The cello has the deepest-sounding voice and the largest of the three. The most common sizes are 1/10, 1/8, 1/4, 1/2, 3/4, and 4/4. Most adults play a 4/4 cello, which is played from a seated position. Cellos have four strings: C, G, D, and A, to play deeper sounds and a variety of tones. The cello is a much bulkier instrument to manage, particularly for young players, but it produces a beautiful, deep sound if played correctly.
The fundamentals of all three stringed instruments are the same – with four strings (tuned in fifths), pegs used for tuning and played with a bow. The way the musician uses the bow, however, varies across each instrument, and this distinction is not just about sound but rather about student comfort and avoiding injury.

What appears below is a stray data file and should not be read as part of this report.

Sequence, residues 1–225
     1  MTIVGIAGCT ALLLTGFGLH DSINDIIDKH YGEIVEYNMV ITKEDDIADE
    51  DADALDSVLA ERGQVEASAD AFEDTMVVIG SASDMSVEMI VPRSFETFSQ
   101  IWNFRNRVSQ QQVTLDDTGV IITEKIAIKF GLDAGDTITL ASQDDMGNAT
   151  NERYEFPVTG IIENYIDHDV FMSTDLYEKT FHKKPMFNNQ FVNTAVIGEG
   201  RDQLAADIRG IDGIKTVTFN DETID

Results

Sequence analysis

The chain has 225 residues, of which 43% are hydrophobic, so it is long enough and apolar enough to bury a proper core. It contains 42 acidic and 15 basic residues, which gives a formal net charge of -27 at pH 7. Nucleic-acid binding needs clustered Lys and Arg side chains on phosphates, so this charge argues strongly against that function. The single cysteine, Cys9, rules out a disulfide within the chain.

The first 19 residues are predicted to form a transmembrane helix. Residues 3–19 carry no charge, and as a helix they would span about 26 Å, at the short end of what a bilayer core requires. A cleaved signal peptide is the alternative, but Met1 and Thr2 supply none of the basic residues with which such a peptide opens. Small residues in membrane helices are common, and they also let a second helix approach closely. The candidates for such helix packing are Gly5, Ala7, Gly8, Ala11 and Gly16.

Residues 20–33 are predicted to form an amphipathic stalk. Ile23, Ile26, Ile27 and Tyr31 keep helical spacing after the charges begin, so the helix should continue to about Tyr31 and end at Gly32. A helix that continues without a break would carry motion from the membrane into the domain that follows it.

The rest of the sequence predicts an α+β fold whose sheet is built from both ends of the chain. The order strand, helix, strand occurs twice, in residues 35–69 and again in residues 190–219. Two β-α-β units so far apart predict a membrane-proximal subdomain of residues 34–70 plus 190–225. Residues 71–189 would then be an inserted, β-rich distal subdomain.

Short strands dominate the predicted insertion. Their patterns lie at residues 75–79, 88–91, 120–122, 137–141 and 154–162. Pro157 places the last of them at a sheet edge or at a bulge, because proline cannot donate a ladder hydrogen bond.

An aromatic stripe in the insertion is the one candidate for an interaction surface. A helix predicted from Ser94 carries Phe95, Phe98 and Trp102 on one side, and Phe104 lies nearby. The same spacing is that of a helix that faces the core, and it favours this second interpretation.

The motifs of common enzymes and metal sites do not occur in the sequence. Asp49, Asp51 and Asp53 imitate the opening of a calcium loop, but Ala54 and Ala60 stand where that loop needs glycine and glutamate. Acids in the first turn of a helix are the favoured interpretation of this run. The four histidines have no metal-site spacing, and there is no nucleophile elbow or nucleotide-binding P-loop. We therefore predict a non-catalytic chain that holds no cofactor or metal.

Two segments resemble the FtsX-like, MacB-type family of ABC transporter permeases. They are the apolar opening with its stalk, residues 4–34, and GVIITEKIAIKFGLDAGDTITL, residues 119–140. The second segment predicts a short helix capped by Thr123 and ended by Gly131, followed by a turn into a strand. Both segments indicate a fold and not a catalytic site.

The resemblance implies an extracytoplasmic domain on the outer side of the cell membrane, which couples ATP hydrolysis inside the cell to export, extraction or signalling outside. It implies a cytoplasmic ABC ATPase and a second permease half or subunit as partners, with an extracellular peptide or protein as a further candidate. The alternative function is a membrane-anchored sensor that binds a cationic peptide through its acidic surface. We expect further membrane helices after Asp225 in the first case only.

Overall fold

Learning and Playing Stringed Instruments
The main difference between the three instruments, apart from the size and your playing positions, is the range of pitch produced and the repertoire of music they can play. The viola has the most limited repertoire of the three because it’s played using the middle clef. It is a magnificent instrument to learn, nonetheless, and violas are a key part of most orchestras.
Bow Tilt: Violin/Viola Versus the Cello
Those who play the violin and viola tilt the bow away from themselves, whereas cello players tilt it toward themselves. The bow is tilted away from the bridge in either case to produce the best possible sound and to ensure the musician’s comfort. Your music teacher can advise you on the best posture while playing.